Getting on with Gutenberg

It seems like you can’t use anything these days without spending a good amount of time trying to keep up with changes to the product you’re using. My partner frequently complains about apps on her phone being updated, only to find that entire sections of the UI have changed with seemingly no warning. It is a frustration, to be sure, and following mailing lists, forums, and Slack (grr) groups to keep up with everything is an exhausting experience, but it is also something that is becoming more and more necessary as we enter the age of the rolling release. One such change I’ve become aware of having set up my first WordPress site in a few years is the switch to Gutenberg in the upcoming WordPress 5. Never one to be left behind on such advances, I installed the plugin and started playing around with the “future of WordPress”.

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Acclimatising to New Tech

 

My team recently moved away from a (frankly old and creaking) ManageEngine ServiceDesk solution to JIRA for our Helpdesk. This has been met mostly with dismay by the majority of my team, so much so that I am one of the only people in the office still excited about the upgrade. As always, there were teething issues during the initial upgrade, but a few months on everything is more or less stable and we have lots of ideas for how to evolve the product. So why do the rest of the team still bemoan the product so much?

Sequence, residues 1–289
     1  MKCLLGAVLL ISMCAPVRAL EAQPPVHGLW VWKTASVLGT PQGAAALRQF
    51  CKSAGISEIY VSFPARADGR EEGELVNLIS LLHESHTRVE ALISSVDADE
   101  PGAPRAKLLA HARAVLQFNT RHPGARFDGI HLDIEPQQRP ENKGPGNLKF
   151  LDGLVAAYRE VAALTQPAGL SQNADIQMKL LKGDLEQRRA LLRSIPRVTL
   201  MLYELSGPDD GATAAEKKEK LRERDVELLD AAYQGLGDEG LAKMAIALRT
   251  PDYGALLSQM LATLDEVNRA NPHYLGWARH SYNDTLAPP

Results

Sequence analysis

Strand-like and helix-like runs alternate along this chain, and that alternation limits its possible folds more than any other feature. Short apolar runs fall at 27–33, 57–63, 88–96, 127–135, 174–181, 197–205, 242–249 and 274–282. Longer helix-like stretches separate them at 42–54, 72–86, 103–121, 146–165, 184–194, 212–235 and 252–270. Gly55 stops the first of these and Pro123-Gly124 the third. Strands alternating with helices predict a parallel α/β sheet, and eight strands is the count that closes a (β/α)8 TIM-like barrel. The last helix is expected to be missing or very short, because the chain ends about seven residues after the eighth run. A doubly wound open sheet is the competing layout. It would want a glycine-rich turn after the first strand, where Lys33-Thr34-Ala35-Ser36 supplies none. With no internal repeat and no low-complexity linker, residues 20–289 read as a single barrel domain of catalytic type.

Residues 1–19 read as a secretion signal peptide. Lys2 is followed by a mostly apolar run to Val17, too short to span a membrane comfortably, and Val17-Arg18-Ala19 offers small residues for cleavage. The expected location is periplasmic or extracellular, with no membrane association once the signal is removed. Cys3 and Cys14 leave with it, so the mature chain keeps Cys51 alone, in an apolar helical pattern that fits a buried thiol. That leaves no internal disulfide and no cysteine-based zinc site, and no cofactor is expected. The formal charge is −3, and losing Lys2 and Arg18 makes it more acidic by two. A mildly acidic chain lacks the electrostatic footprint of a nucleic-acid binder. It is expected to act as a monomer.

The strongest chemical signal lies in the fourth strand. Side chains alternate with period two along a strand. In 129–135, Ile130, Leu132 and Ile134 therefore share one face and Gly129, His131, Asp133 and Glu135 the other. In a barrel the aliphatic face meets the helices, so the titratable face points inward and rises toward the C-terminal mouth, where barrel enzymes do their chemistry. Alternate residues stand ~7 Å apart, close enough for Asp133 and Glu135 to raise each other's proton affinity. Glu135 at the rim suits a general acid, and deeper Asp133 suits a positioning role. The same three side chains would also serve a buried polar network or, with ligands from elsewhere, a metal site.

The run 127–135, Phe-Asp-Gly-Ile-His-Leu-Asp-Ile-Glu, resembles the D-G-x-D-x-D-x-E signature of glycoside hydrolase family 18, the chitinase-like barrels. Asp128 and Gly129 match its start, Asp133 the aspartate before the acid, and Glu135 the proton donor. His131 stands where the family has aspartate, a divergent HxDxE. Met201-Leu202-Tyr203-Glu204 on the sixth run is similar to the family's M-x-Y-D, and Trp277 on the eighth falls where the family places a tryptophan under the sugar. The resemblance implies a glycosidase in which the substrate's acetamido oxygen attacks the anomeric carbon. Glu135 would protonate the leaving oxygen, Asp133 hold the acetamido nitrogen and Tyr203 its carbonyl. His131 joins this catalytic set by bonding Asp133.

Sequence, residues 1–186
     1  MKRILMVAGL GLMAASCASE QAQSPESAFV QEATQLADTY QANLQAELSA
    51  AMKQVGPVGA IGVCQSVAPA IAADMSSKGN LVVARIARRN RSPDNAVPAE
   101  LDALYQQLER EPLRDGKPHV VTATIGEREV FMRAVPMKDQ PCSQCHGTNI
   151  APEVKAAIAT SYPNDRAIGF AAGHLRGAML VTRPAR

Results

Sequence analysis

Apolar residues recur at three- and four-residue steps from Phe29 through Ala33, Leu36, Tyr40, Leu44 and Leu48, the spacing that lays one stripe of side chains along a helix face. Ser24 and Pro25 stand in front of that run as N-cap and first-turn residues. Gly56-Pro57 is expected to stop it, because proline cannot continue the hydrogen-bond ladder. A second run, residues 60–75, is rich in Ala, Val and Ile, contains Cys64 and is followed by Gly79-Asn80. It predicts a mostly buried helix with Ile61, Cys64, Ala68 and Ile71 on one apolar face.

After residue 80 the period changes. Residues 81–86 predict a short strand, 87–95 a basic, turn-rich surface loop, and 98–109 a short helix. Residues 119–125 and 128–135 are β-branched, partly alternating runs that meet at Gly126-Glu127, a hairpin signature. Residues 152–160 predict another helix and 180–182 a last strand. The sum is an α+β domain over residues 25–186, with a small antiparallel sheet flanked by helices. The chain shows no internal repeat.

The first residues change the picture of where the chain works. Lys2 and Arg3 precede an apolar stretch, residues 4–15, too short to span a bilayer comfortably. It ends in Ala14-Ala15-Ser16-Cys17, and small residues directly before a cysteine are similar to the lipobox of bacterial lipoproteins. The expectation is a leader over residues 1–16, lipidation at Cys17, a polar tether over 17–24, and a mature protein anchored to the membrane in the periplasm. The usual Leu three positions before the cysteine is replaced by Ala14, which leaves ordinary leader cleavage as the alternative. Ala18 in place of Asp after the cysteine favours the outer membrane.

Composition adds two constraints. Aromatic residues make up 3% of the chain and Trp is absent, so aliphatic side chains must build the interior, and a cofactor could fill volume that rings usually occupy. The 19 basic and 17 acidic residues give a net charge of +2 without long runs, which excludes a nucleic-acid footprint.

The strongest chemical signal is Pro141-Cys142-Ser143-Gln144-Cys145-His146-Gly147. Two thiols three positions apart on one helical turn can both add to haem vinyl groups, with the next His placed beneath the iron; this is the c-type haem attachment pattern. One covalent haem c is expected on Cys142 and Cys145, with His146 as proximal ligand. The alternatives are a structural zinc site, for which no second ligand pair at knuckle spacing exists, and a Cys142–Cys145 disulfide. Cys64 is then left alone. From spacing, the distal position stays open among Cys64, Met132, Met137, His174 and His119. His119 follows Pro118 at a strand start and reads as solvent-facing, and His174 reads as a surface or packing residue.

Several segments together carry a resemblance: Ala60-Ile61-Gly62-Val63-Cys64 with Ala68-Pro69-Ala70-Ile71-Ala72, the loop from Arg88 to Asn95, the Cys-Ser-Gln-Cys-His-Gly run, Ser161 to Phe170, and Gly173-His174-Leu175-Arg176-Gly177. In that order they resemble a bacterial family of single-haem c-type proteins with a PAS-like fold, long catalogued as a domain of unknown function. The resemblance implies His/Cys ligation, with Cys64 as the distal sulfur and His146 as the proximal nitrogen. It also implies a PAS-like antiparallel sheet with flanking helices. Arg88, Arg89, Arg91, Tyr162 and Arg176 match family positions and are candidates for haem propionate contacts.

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Uncontrolled devices. Not even once.

I’m a systems administrator by trade (or as I often find myself writing, a “systemd administrator” since that cancerous piece of bloatware consumes most of my troubleshooting life). It is, therefore, perhaps unsurprising that I like having control over the devices in my home. I refuse to use Apple devices apart from the one I have to use for work, I allow only GNU/Linux devices to be used on our home WiFi, and while my rooted Android phone is still somewhat lacking in end-user control, I plan to replace it with the Librem 5 when it launches.

It would be terribly naïve of me to presume that other people were so preoccupied with device control as myself. My partner, for example, is the sort of person who simply wants her computer to get out of her way when she’s using it. The slightest hint of maintenance or troubleshooting is enough to make her throw the machine down in anger and find any excuse not to continue with what she was doing. I believe that a lot of people are like this, and it is what has given rise to this wave of “easy tech”, or technology with which the user has little interaction and no ability to troubleshoot. This is a terrible thing.

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